The development of biomimetic surfaces for protein and peptide adsorptions is continuously expanding. Their biological functions can be influenced by the properties of the underlying artificial environment but the detailed mechanism is still not clear. In the past 30 years, neutron reflectometry has been widely applied to characterise the molecular structure of proteins or multi-protein complexes and their interactions with fluid artificial membrane that mimics the cellular environment. The specific interactions, bindings or structural changes between proteins and membranes play a crucial role in cellular responses and have promising potential in diagnostics and other biosensor applications. This chapter presents the progression of surface design for protein adsorption/interactions on membranes in detail, ranging from a simple phospholipid monolayer setup to more complicated artificial lipid bilayer systems. Furthermore, a new development of designed surfaces for studying the integral membrane protein system is also discussed in this chapter. A brief overview of various membrane mimetic surfaces is first outlined, followed by presenting specific examples of protein-membrane interactions studied by neutron reflectometry. The author demonstrates how to use neutron reflectometry as an advanced technique to provide step-by-step structural details for biomolecular applications in a well-controlled manner.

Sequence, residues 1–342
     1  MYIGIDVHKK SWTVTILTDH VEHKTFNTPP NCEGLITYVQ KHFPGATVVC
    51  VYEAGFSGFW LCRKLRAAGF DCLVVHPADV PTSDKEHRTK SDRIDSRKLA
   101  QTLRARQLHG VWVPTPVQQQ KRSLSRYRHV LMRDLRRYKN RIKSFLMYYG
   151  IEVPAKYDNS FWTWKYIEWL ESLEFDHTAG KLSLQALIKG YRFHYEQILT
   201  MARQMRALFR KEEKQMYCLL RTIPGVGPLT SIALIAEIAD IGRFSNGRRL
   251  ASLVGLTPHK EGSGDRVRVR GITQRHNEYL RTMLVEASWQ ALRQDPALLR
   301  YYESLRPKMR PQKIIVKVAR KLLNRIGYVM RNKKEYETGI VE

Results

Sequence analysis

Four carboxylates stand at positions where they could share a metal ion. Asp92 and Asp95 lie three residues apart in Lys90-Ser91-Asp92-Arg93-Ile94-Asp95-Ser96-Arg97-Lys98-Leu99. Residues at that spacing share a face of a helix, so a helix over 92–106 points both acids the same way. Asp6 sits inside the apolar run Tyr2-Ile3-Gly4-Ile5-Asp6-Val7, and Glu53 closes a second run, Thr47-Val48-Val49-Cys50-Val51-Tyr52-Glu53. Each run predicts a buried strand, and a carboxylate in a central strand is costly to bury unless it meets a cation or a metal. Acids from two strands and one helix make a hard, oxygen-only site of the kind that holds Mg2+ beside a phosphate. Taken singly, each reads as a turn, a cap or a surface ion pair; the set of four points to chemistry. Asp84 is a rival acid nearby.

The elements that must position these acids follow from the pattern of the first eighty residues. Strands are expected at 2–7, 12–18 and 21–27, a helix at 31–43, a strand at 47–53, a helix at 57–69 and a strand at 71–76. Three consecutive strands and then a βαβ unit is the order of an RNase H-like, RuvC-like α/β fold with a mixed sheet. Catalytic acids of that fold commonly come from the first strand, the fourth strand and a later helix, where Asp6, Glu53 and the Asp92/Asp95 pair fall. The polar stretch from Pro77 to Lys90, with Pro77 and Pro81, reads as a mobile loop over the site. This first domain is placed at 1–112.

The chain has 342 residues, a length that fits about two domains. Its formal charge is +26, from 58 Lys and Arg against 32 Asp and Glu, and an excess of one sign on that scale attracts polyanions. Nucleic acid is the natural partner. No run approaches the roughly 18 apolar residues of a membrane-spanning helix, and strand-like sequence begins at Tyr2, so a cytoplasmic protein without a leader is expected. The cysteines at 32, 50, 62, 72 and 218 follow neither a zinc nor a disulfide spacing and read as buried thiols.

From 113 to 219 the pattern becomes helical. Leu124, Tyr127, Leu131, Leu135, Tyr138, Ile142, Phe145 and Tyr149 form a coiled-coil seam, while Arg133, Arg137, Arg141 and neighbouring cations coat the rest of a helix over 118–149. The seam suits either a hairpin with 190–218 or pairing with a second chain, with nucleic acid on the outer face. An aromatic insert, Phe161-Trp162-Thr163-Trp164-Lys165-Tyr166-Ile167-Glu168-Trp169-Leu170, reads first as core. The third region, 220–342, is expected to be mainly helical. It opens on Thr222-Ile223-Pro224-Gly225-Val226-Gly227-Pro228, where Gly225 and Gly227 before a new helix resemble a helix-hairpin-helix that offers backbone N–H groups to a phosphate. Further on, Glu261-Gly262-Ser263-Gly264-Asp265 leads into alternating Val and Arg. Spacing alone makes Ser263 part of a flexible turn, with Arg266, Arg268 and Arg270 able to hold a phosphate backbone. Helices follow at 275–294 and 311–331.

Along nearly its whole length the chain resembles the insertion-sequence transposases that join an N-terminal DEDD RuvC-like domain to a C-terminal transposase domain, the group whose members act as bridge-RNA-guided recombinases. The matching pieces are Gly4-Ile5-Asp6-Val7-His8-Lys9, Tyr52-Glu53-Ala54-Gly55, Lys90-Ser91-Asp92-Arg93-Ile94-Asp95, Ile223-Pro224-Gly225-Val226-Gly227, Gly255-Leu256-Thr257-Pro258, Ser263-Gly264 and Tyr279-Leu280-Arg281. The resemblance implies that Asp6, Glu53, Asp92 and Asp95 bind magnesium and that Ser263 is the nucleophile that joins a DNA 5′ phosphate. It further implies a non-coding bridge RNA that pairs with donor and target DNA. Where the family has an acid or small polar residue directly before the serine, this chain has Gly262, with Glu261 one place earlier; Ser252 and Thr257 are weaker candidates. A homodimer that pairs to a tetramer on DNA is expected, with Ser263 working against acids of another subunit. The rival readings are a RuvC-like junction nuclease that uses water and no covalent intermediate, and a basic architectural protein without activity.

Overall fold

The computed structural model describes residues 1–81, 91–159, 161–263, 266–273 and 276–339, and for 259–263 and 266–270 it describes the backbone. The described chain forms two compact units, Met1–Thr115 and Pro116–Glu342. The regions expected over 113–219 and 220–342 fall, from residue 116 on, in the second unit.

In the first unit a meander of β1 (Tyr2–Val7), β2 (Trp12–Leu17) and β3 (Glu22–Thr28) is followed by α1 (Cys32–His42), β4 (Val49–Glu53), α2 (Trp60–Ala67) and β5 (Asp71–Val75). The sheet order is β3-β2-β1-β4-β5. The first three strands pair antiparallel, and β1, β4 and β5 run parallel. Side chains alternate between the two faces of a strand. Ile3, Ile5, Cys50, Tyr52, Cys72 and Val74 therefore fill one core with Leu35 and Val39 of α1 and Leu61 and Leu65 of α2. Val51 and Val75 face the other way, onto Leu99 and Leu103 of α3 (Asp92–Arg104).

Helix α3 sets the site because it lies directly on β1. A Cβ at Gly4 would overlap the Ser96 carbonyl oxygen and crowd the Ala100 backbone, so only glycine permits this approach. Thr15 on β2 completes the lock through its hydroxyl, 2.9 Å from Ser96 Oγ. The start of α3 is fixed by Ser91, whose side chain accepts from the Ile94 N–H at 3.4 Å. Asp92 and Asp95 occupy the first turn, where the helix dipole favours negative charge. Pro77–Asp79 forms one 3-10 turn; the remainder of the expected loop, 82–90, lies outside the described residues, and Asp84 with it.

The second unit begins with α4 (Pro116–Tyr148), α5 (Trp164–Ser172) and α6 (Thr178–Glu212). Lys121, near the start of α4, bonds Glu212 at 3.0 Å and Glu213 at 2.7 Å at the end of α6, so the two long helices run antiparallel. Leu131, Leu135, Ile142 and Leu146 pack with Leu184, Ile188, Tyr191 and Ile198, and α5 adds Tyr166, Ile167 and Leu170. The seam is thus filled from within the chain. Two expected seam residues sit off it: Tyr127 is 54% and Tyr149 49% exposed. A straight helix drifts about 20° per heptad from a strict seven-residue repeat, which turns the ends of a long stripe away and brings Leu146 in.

Part of the book: Neutron Scattering